Stack Overflow is a community of 4.7 million programmers, just like you, helping each other.

Join them; it only takes a minute:

Sign up
Join the Stack Overflow community to:
  1. Ask programming questions
  2. Answer and help your peers
  3. Get recognized for your expertise

Since Java 5 we are allowed to have covariant return types. Why doesn't the Java API take advantage of this?

Take Graphics2D.create() for instance. Why isn't it overridden to return a Graphics2D object? It seems to me that it would be backward compatible in all situations.

share|improve this question
up vote 11 down vote accepted

In general, this is indeed in order to maintain backward compatibility. Note that the compatibility must be kept on the bytecode level too, and changing the return type changes the bytecode. So in general, if there are any subclasses which may have overridden the method in question, switching to a covariant return type would break those classes.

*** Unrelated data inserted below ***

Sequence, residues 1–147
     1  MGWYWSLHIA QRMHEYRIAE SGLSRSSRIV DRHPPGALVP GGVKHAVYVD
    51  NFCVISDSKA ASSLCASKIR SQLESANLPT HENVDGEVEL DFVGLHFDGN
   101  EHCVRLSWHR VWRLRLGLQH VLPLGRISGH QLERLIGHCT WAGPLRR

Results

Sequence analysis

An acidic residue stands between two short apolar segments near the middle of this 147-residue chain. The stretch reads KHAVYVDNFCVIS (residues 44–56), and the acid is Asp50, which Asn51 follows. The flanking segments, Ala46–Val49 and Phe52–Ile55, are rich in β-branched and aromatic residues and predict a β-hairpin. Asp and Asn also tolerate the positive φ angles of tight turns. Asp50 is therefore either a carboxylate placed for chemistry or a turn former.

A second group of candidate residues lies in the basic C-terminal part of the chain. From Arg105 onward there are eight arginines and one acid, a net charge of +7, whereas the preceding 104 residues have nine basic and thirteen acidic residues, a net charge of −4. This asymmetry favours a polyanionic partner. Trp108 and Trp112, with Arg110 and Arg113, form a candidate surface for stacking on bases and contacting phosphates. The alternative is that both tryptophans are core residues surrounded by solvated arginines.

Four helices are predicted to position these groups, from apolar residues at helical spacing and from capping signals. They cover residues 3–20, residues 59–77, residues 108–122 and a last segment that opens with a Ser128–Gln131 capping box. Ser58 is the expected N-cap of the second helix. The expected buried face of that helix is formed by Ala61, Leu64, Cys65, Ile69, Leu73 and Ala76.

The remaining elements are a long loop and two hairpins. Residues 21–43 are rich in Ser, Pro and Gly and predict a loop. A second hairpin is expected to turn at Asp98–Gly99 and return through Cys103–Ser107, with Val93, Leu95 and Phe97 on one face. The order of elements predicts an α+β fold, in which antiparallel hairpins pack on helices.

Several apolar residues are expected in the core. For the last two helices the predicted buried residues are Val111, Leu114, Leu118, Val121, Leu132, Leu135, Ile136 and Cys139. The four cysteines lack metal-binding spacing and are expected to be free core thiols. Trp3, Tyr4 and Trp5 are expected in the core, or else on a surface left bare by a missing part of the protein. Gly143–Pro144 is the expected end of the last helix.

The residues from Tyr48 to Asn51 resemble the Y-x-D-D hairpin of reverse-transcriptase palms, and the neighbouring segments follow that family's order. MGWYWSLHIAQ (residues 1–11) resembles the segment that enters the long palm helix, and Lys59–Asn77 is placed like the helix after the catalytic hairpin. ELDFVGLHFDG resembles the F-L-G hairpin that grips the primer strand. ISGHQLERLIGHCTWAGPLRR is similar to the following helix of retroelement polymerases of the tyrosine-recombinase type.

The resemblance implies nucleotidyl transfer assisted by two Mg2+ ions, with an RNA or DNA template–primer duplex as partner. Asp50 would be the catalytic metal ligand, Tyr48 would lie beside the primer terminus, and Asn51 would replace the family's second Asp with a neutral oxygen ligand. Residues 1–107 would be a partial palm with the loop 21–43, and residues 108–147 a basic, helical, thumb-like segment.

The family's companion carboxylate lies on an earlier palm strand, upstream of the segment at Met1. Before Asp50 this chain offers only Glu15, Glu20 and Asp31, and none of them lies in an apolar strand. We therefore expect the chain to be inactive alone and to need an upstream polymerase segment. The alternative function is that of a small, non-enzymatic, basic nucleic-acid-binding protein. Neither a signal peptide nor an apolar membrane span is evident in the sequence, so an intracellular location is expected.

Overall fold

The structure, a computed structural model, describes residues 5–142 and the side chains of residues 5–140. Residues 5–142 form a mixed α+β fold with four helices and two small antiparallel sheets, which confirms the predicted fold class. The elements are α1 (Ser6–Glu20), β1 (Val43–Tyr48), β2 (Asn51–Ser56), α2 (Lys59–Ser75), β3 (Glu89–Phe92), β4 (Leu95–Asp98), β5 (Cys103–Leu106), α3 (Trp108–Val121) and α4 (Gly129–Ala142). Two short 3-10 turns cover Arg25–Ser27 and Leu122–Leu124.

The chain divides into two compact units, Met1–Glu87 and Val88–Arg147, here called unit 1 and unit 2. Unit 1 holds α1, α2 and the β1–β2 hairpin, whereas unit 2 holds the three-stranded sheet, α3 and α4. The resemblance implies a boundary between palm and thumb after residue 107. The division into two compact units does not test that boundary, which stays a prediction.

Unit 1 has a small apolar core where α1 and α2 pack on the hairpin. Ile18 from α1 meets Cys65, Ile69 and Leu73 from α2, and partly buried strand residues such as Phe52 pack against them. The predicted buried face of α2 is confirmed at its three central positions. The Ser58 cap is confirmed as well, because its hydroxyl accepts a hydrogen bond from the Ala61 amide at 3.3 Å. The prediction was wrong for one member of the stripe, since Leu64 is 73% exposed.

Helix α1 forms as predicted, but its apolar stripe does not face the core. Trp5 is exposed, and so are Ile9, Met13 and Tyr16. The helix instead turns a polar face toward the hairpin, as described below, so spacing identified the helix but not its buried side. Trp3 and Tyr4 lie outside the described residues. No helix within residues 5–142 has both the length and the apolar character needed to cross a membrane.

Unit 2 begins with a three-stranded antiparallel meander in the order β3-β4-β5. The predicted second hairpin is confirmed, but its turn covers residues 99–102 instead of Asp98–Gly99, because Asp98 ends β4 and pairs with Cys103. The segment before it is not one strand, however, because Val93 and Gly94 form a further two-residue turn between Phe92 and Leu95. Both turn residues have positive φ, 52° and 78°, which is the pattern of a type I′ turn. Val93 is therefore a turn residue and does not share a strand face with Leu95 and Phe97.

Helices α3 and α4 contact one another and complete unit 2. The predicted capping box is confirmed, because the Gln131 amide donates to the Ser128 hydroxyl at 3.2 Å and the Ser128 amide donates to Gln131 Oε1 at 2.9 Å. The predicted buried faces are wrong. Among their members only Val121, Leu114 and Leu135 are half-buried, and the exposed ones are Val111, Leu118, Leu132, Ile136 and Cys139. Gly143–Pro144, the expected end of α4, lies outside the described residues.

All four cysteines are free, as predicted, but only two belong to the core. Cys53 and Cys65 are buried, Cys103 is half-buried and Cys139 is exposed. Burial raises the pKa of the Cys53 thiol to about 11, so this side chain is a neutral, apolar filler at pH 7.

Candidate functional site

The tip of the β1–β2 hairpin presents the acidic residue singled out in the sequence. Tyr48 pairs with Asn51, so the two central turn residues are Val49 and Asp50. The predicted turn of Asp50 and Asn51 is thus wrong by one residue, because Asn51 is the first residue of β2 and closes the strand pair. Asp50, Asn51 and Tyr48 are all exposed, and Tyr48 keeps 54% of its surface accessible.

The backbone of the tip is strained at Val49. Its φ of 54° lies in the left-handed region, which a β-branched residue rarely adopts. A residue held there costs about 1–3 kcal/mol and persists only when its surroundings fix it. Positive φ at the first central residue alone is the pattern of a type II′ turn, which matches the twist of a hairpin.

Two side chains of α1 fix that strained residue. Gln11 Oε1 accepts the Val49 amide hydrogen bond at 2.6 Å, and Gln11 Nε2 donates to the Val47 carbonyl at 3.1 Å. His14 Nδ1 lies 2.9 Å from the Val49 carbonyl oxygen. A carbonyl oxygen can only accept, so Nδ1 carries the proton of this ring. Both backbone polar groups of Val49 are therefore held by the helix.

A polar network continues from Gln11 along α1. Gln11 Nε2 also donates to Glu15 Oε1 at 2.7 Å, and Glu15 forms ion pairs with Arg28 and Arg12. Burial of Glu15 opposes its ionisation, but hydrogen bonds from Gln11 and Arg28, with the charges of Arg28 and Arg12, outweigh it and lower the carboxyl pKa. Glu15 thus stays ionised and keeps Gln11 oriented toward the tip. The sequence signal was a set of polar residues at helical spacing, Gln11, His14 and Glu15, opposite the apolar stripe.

Since Graphics2D is abstract, it is obviously meant to be subclassed, so the above reasoning applies.

Java Generics and Collections, although focuses more on the generics point of view, contains a discussion on covariant overriding in section 8.4.

share|improve this answer

That would break binary compatibility. Previously compiled classes cannot find the method with the new return type. JLS3 §13.4.15, §13.4.12

share|improve this answer

Your Answer


By posting your answer, you agree to the privacy policy and terms of service.

Not the answer you're looking for? Browse other questions tagged or ask your own question.